How Long Does It Take for Lactide to Degrade?

Lactide, a cyclic diester derived from lactic acid, is a key building block in the production of biodegradable polymers such as polylactic acid (PLA) and Poly(lactic-co-glycolic-acid). These polymers have gained significant attention due to their eco-friendly nature and potential applications in various industries.

One crucial aspect of biodegradable polymers is their degradation time, particularly the degradation of lactide itself. In this article, we will delve into the factors that influence the degradation of lactide and explore how long it typically takes for lactide to degrade.

Table of Contents

Understanding Lactide Degradation

Lactide degradation refers to the breakdown of the lactide molecule into simpler compounds. This process can occur through various mechanisms, including hydrolysis, enzymatic degradation, and microbial action.

The degradation of lactide ultimately leads to the formation of lactic acid, which can be further metabolized by microorganisms in the environment.

Factors Affecting Lactide Degradation

Several factors influence the degradation process of lactide, and each one contributes to the overall timeline. Let’s explore these factors in detail:


The rate of lactide degradation is highly dependent on temperature. Higher temperatures accelerate the process, while lower temperatures slow it down. This information is important when considering the disposal of PLA products in different environments.


Moisture levels play a significant role in lactide degradation. Increased moisture can enhance hydrolysis, a common mechanism for lactide breakdown. However, extreme moisture levels can also impede degradation, requiring a delicate balance in environmental conditions.

pH Levels

The pH of the surrounding environment affects lactide degradation. Acidic conditions, such as those found in landfills, can expedite the process. On the other hand, alkaline environments may slow down degradation, necessitating tailored disposal methods.

Surface Area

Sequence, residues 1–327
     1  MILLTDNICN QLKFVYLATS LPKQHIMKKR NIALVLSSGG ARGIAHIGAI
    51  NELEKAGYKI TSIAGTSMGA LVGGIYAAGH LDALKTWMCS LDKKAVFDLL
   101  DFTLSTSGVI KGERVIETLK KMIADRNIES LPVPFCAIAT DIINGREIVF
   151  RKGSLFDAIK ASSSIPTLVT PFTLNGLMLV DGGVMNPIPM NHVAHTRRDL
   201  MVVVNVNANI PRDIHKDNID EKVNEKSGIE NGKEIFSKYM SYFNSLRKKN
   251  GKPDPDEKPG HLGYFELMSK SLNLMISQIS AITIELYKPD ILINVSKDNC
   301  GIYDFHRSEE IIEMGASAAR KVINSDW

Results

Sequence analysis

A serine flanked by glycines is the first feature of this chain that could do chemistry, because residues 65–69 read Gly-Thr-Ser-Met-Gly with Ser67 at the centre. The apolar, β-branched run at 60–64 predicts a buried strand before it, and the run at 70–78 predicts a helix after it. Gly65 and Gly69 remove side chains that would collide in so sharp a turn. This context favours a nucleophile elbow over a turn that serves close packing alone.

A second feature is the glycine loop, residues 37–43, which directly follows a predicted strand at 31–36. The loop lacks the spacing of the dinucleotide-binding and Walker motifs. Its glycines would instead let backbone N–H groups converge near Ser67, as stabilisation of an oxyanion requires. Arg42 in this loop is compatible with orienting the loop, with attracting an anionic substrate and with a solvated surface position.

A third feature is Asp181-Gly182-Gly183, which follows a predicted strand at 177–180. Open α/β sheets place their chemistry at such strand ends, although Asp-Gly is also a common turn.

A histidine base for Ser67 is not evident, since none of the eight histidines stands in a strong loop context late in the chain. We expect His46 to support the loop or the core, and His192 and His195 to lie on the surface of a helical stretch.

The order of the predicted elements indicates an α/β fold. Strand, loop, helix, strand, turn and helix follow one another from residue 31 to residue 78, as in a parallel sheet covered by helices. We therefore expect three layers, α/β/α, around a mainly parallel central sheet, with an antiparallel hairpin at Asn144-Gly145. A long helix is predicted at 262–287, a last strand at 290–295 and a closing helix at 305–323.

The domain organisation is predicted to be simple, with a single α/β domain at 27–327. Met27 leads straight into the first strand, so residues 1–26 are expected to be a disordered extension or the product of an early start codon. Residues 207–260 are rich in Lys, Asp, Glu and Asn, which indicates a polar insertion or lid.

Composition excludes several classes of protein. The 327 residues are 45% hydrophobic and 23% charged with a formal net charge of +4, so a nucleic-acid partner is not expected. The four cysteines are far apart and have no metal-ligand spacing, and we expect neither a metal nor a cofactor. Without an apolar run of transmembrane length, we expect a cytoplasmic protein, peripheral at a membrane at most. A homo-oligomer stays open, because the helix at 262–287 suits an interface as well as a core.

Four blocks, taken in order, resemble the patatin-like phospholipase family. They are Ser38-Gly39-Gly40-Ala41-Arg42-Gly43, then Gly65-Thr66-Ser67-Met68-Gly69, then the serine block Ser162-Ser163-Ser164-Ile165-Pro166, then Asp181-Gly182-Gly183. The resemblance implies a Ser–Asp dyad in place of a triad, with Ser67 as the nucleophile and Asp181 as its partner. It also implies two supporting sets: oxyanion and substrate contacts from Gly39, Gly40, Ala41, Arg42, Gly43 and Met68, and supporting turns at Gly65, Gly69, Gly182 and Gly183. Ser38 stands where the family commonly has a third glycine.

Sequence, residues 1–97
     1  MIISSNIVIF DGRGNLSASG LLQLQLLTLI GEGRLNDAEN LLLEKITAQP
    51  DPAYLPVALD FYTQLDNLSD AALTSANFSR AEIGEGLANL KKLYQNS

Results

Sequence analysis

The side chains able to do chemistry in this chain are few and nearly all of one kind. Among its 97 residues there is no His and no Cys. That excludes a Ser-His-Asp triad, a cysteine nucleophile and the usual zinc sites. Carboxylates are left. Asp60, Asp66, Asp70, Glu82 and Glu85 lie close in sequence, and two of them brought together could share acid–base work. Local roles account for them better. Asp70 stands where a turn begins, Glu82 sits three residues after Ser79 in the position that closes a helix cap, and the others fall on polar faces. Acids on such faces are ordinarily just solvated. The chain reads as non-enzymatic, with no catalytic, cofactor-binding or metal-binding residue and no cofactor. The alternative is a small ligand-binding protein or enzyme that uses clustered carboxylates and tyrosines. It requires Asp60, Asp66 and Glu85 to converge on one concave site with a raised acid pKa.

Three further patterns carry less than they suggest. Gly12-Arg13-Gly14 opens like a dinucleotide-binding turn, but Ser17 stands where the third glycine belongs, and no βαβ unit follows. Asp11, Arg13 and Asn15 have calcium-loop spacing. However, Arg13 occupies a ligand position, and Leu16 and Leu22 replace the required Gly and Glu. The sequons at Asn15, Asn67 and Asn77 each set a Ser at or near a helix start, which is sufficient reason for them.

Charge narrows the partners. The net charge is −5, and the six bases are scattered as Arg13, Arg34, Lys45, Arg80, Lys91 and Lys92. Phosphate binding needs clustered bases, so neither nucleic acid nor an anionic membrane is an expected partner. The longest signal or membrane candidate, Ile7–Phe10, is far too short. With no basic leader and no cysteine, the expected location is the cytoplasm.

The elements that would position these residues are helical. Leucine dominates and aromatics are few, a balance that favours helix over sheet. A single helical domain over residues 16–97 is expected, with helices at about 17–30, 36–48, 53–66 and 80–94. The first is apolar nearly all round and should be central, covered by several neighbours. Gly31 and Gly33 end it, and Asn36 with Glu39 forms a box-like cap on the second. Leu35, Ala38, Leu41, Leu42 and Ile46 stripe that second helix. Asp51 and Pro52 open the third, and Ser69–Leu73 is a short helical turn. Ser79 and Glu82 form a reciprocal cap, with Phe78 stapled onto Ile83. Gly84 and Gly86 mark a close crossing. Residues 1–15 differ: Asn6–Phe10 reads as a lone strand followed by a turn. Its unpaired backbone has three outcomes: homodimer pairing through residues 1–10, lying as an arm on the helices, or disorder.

The surface area of the material impacts the degradation rate. Smaller particles or increased surface exposure result in faster degradation due to enhanced contact with the degrading agents.


Certain catalysts can accelerate the degradation of lactide. These catalysts act as initiators, breaking down the lactide molecule and expediting the degradation process.

Stereocomplex Formation

Lactide is available in three enantiomeric forms: L-lactide, D -lactide and DL-Lactide. When these forms are combined to form a stereocomplex, the resulting polymer exhibits enhanced thermal and mechanical properties. Stereocomplex formation can also influence the degradation behavior of lactide-based polymers, potentially slowing down the degradation process.

Lactide Degradation Pathways

Lactide Degradation

Lactide can undergo various degradation pathways, with the specific pathway depending on environmental conditions and the presence of catalysts. Here are the three primary pathways:


Hydrolysis is the most common degradation pathway for lactide. In the presence of water, lactide molecules react with hydroxyl ions, leading to the formation of lactic acid. This process involves breaking the ester bonds in lactide, resulting in the release of lactic acid monomers.


Lactide can also be degraded by microorganisms, such as bacteria and fungi. These organisms produce enzymes that break down the lactide polymer into simpler compounds, ultimately converting it into carbon dioxide, water, and biomass.

Chemical Degradation

Under certain conditions, lactide can undergo chemical degradation processes such as thermal decomposition, photodegradation, and oxidation. These pathways involve the breakdown of lactide through non-biological reactions, often triggered by heat, light, or reactive chemical species.

Degradation Time of Lactide

The degradation time of lactide can vary depending on the specific environmental conditions and the composition of the polymer matrix. However, we can provide a general overview of the degradation time based on typical scenarios.

In Natural Environments

In natural environments such as forests, bodies of water, or open land, lactide degradation can take several months to years. The presence of moisture, ambient temperature, and microbial activity contribute to the breakdown of lactide over an extended period.

In Industrial Composting Facilities

In controlled industrial composting facilities, where conditions are optimized for biodegradation, lactide can degrade within a matter of weeks to months. The higher temperatures and increased microbial activity in these facilities accelerate the degradation process.

In Soil and Landfills

Lactide-based polymers, when disposed of in soil or landfills, generally degrade at a slower rate compared to natural environments or composting facilities. The lack of optimal conditions and limited access to moisture and microorganisms can significantly prolong the degradation time. In such cases, it may take several years or even decades for complete degradation to occur.


lactide degradation is a complex process influenced by various factors, including temperature, moisture, pH levels, surface area, catalysts, and polymer structure.

By understanding the degradation pathways and environmental implications, we can make informed decisions regarding the disposal and management of PLA products.